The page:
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Diagnosis / Vertebral Compression Fracture

Vertebral Compression Fractures

An estimated 10 million Americans have osteoporosis and an additional 34 million are estimated to have low bone mass, placing them at an increased risk for developing this condition.

Vertebral compression fractures (VCFs) are the most common fracture in patients with osteoporosis affecting about 750,000 people annually. VCFs affect nearly a quarter of all postmenopausal women the United States. The prevalence is steadily increases as people age, with an estimated 40% of women age 80 and older affected.

Once a patient has sustained one osteoporotic compression fracture they are at a 5x greater risk of a second.


Vertebral compression fractures occur when the bony block or vertebral body collapses, which can lead to severe pain, deformity, and height loss. In people with osteoporosis, a VCF may be caused by daily activities, such as stepping out of the shower, sneezing vigorously or lifting a heavy object.

Fractures can also occur due to trauma or metastatic tumors in the spine. Metastatic tumors should be considered in patients younger than 55 years of age with no history of trauma. The bones in your spine are a common place for many types of cancers to spread. The cancer can cause destruction to part of the vertebra, weakening the bone until it collapses.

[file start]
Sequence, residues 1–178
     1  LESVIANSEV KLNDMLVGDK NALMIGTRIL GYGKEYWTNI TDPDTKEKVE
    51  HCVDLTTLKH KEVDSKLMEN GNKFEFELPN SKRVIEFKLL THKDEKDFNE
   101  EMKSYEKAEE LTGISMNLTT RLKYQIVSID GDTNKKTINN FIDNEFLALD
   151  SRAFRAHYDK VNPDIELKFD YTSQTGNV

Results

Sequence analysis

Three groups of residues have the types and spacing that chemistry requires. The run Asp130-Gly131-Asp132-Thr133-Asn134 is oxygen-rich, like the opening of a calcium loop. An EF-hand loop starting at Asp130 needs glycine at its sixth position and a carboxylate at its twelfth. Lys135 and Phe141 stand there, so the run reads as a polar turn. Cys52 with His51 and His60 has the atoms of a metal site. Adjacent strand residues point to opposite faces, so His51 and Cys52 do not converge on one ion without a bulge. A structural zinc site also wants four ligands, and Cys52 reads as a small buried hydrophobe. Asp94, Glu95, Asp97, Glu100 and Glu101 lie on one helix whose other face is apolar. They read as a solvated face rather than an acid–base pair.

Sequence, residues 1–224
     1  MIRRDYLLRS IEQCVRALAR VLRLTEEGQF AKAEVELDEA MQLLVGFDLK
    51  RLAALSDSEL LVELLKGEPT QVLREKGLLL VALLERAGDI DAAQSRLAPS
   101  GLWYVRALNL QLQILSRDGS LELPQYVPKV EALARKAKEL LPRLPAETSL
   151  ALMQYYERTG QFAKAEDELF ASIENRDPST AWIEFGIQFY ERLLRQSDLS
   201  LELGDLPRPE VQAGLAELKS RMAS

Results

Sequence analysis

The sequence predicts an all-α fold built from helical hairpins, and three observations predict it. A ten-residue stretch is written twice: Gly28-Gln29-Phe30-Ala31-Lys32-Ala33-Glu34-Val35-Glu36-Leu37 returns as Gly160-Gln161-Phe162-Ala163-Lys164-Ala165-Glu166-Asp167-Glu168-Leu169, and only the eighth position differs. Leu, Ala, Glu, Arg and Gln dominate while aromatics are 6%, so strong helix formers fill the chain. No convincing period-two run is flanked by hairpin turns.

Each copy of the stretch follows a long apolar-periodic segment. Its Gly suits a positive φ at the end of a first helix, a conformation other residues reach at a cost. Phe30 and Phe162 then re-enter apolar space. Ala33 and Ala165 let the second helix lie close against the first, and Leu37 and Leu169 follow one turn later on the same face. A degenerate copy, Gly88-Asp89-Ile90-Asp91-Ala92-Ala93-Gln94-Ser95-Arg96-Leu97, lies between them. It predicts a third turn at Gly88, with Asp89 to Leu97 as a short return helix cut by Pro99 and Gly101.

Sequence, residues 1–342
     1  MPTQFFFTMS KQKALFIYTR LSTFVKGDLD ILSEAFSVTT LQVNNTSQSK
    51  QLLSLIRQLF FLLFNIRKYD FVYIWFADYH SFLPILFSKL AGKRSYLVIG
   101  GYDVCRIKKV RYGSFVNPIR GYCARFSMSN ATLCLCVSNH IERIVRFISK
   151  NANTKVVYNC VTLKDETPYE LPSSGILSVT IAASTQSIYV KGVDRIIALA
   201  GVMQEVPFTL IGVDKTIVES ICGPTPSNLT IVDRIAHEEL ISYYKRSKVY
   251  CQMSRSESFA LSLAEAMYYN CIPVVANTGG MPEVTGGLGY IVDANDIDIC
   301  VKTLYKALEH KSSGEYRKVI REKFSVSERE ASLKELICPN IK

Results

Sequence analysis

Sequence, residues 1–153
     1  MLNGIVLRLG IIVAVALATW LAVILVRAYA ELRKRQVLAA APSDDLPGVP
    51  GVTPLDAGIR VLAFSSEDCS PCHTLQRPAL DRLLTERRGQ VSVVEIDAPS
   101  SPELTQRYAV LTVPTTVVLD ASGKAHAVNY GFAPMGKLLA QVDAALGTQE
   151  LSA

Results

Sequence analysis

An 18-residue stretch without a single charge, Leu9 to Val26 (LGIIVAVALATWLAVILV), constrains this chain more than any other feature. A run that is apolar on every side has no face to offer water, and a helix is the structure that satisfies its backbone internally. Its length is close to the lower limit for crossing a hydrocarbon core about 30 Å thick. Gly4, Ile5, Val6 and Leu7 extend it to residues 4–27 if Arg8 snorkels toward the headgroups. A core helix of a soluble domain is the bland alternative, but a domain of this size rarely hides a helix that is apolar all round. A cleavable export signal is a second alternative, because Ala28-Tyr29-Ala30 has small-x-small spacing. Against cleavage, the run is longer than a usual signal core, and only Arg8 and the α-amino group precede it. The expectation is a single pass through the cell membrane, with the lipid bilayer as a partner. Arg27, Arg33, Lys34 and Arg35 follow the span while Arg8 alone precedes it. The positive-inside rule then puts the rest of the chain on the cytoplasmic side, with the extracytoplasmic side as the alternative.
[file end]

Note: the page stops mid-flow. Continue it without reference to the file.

You may be suffering from a vertebral compression fracture if you experience any of the following:

  • Sudden onset of back pain
  • Increase of pain while standing or walking
  • Decrease in pain while lying on your back
  • Limited mobility
  • Height loss
  • Deformity and disability
  • Diagnosis

In addition to a physical exam, your physician will order imaging studies such as an MRI or a bone scan to confirm your diagnosis and determine the best treatment option.

IVC’s Treatments for Spine Tumors

At IVC, we offer a minimally invasive treatment for painful vertebral compression fractures. Balloon kyphoplasty has proven highly effective in alleviating the debilitating pain experienced by patients diagnosed with a VCF.

Call IVC today at 503-612-0498 to schedule an appointment for a consultation.

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